Sunday, May 21, 2006

Where Should Guest Workers Come From?

From an article at sfgate.com (ht Drudge):
"If 60 percent of our illegal immigration comes from a single country, and another 20 percent comes through that country, logic would say the vast majority of visas should go to the country of origin," [Demetrios Papademetriou, president of the Migration Policy Institute, a nonpartisan think tank] said. "The last thing you would do is create a global temporary worker program, as if somehow we should need Bangladeshis or Russians to pick our fruits and vegetables."
The argument, which is quite persuasive, is that we need to focus on making Mexico strong. Their stability is more important to us than most any other nation on earth because we share a border with them. Things aren't so dicey with Canada because they are already wealthy and stable.

The economies of the United States and Mexico are so interwoven that their success is very important to our continued success. The article also points out an important factor in the continuing stabilization of Mexico.
Last year, Mexico received a record $20 billion in remittances from migrant workers. That is equal to Mexico's 2004 income from oil exports and dwarfing tourism revenue.

Arriving in small monthly transfers of $100 and $200, remittances have formed a vast river of "migra-dollars" that now exceeds lending by multilateral development agencies and foreign direct investment combined, according to the Inter-American Development Bank.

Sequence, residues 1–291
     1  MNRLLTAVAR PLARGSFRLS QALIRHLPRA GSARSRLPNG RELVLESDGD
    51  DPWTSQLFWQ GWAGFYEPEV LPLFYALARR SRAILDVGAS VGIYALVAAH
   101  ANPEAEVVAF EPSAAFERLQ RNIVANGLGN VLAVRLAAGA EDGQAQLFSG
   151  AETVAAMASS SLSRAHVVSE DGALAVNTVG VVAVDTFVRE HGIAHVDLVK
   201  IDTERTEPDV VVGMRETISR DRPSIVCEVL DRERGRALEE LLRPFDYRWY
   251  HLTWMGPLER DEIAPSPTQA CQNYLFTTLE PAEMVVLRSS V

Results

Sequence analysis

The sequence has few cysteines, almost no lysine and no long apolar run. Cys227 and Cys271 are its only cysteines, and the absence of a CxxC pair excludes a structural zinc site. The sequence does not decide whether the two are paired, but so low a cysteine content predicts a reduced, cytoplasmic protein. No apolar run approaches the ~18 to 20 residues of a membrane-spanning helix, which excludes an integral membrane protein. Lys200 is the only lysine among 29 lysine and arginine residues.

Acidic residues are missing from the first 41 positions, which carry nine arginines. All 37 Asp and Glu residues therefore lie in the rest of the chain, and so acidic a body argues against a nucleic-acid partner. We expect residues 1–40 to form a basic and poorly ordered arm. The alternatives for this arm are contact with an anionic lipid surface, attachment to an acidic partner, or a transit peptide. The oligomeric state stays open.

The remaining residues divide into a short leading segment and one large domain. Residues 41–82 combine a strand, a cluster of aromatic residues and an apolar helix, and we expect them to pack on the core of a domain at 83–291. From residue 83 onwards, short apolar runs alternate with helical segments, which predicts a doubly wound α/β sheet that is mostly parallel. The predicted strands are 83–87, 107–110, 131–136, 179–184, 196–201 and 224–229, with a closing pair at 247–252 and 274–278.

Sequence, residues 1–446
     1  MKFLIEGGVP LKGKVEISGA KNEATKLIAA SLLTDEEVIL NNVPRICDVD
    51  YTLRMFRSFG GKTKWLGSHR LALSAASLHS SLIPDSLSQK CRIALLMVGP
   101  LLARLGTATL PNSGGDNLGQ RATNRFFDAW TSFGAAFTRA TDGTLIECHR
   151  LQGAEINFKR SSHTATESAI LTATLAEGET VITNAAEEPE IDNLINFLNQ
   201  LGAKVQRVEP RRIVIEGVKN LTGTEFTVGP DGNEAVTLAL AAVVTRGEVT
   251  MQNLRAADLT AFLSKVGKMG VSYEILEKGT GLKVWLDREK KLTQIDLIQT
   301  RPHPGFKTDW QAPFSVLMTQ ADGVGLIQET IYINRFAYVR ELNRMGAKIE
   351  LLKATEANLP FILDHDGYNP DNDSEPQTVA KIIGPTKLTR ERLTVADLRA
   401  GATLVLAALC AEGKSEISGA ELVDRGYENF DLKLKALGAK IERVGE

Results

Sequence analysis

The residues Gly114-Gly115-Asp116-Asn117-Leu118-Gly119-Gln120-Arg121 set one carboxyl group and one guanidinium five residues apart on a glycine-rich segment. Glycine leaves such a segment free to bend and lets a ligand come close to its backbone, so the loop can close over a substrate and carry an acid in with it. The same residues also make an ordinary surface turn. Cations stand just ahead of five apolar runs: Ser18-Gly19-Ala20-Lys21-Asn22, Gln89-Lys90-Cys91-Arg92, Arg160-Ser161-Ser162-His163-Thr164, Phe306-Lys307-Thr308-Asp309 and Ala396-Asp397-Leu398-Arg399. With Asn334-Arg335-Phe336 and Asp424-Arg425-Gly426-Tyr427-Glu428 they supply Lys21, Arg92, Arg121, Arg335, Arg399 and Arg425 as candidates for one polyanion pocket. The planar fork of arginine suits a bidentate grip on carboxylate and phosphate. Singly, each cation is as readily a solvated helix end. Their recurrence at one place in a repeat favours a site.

The money Mexican migrants send home almost equals the U.S. foreign aid budget for the entire world, said Arturo Valenzuela, director of the Center for Latin American Studies at Georgetown University and former head of Inter-American Affairs at the National Security Council during the Clinton administration.

"Where are we going to come up with $20 billion?" to ensure stability in Mexico, Valenzuela asked at a recent conference. "Has anybody in the raging immigration debate over the last few weeks thought, could it be good for the fundamental interests of the United States ... to serve as something of a safety valve for those that can't be employed in Mexico?"

Obviously whatever policies we implement to control illegal immigration from Mexico, we'll have to consider the economic effect that will have on Mexico and whether the US can afford the fallout of that effect.

2 comments:

Reach Upward said...

I have read several articles where it is claimed that the money migrant workers in the U.S. send home to Mexico is the most efficient form of foreign aid available. However, I am generally opposed to a guest worker program. It relegates people to a second-class status and encourages social rot. Do we want to create a situation similar to what they have in France that fed the fall riots last year?

Bradley said...

But is it better than the current situation where the illegal immigrants have NO legal standing? What I really want is for immigrants to work toward citizenship. I'm hoping to have a post up soon about a friend of mine that recently received her US citizenship. It was a meaningful experience for her.